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World

AFP
September 14, 2017

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Exodus of Rohingya Muslims fleeing genocide in Myanmar hits 379,000

Exodus of Rohingya Muslims fleeing genocide in Myanmar hits 379,000

COX'S BAZAR, Bangladesh: Some 379,000 Rohingya Muslims have fled Myanmar’s troubled Rakhine state for Bangladesh since new violence erupted last month, the United Nations said on Wednesday.

The figure has risen by 9,000 in 24 hours, according to UN refugee agency spokesman Joseph Tripura told AFP. Bangladesh authorities are now registering new arrivals and building a massive new camp near the border with Myanmar to accommodate the influx.

"We’ve already started shifting thousands of people to this camp where we’re building sheds for them," Ali Hossain, government administrator for Cox’s Bazar district, told AFP. Attacks by Rohingya militants on Myanmar security forces in Rakhine on August 25 sparked a harsh military crackdown on the minority Muslim community and the exodus started almost straight away.

Rohingya people have long been subjected to discrimination in Buddhist-dominated Myanmar, which denies them citizenship. There were more than 300,000 Rohinya in refugee camps and makeshift settlements in Bangladesh even before the latest unrest.

These are now completely overwhelmed and tens of thousands of new arrivals have no shelter. Most walked for days to reach Bangladesh and aid workers say many are sick and in desperate need of food.

Aid agencies have to step up operations "massively" in response to the arrival in Bangladesh of about 400,000 refugees fleeing violence in Myanmar, and the amount of money needed to help them has risen sharply, a senior UN official said on Wednesday.

Meanwhile, Al-Qaeda militants have called for support for Myanmar’s Rohingya Muslims, who are facing a security crackdown that has sent about 400,000 of them fleeing to Bangladesh, warning that Myanmar would face "punishment" for its "crimes".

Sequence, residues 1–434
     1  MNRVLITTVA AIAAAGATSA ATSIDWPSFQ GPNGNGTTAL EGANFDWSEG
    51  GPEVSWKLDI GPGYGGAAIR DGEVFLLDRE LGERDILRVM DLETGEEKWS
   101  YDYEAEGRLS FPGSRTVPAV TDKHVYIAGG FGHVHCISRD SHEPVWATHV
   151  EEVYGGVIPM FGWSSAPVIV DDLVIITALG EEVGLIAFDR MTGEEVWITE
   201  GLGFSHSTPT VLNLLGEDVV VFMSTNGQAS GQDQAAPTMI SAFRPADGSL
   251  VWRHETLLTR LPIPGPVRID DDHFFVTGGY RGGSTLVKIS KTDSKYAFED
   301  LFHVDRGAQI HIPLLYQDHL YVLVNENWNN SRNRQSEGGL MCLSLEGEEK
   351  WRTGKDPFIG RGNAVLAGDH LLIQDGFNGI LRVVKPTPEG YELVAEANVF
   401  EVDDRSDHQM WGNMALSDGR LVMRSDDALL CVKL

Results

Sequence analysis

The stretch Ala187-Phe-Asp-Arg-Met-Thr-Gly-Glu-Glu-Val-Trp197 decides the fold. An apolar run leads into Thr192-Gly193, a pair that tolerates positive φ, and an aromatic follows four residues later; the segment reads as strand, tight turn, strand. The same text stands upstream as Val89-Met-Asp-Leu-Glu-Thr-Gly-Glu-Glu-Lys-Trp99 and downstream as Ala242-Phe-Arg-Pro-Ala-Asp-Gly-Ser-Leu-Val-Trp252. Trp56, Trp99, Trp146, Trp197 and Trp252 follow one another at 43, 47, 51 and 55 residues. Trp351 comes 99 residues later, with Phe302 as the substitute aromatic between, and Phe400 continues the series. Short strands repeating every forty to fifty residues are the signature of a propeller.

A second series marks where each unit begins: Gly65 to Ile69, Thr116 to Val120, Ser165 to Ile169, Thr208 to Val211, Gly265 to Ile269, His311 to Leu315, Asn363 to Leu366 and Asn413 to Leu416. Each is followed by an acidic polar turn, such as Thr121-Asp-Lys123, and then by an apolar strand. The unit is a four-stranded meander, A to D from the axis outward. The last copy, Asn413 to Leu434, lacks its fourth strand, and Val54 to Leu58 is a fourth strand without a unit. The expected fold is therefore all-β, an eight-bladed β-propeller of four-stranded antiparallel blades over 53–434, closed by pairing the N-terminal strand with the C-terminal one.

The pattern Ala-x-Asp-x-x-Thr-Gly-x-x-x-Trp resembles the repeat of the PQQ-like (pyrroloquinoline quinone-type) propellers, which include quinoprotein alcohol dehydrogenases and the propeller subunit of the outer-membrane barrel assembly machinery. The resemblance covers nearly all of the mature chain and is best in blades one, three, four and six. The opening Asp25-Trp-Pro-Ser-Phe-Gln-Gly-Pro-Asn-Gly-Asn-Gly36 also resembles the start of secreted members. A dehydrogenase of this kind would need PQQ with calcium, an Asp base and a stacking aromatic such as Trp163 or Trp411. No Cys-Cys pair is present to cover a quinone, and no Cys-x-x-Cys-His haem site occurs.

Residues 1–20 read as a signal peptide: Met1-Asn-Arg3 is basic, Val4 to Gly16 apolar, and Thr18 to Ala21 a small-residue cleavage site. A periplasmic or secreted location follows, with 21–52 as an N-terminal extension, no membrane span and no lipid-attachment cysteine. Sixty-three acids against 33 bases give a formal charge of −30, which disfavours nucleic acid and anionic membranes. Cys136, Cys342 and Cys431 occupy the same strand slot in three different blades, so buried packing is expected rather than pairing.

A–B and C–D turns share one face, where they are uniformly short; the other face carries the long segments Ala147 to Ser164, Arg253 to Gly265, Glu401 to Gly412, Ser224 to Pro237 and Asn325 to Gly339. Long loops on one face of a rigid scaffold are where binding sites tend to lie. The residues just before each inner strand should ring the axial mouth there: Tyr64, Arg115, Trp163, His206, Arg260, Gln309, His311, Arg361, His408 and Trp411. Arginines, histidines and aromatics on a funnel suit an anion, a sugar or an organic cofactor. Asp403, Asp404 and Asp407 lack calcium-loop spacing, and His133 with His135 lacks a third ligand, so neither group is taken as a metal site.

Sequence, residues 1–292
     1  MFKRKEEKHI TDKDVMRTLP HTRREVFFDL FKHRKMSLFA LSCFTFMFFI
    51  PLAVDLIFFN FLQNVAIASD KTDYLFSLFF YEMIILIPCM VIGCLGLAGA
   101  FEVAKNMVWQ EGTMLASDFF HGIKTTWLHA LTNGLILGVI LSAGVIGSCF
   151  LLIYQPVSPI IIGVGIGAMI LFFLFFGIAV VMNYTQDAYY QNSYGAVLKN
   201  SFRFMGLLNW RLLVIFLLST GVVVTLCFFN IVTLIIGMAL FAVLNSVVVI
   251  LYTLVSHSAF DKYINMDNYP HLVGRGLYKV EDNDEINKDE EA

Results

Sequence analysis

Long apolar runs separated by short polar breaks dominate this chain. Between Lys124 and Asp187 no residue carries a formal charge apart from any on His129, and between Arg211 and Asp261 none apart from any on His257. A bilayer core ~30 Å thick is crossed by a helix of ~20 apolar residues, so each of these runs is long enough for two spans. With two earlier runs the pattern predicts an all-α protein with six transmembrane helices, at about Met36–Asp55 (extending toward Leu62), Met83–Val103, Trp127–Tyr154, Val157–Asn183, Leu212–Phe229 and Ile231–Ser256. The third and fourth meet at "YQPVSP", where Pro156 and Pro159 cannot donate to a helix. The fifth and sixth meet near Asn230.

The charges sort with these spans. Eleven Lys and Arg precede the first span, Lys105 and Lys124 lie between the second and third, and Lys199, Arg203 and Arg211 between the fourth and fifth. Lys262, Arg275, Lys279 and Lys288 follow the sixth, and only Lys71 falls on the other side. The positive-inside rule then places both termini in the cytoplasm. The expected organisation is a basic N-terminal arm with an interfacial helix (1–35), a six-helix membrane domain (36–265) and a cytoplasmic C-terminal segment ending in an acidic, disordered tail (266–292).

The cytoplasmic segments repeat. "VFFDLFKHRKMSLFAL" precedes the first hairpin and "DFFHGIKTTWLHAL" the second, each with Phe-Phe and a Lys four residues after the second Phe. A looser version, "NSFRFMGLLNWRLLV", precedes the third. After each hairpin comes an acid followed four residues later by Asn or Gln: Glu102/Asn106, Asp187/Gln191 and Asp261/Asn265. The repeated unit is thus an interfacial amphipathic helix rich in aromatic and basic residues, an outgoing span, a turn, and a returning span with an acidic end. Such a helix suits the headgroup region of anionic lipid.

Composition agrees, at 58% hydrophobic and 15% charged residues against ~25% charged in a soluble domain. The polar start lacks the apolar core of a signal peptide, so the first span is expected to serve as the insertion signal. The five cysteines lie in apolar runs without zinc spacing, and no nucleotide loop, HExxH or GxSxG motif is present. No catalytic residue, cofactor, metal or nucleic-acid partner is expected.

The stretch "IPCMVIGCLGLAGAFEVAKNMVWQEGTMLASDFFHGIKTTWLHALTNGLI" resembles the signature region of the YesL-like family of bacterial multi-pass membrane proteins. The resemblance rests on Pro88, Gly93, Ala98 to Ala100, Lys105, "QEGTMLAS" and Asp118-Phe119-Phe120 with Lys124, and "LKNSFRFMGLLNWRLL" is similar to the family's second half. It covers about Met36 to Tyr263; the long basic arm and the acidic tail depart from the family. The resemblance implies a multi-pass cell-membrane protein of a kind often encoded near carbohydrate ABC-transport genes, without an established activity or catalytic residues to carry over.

The exodus of Muslim refugees from Buddhist-majority Myanmar was sparked by a fierce security force response to a series of Rohingya militant attacks on police and army posts in the country’s west on Aug

25. The Islamist group behind the Sept 11, 2001, attacks on the Untied States issued a statement urging Muslims around the world to support their fellow Muslims in Myanmar with aid, weapons and "military support". "The savage treatment meted out to our Muslim brothers shall not pass without punishment," al-Qaeda said in a statement, according to the SITE monitoring group.

"The government of Myanmar shall be made to taste what our Muslim brothers have tasted." Myanmar says its security forces are engaged in a legitimate campaign against "terrorists", whom it blames for attacks on the police and army, and on civilians.

The government has warned of bomb attacks in cities, and al-Qaeda’s call to arms is likely to compound those concerns. "We call upon all Mujahid brothers in Bangladesh, India, Pakistan, and the Philippines to set out for Burma to help their Muslim brothers, and to make the necessary preparations — training and the like - to resist this oppression," the group said. —

 

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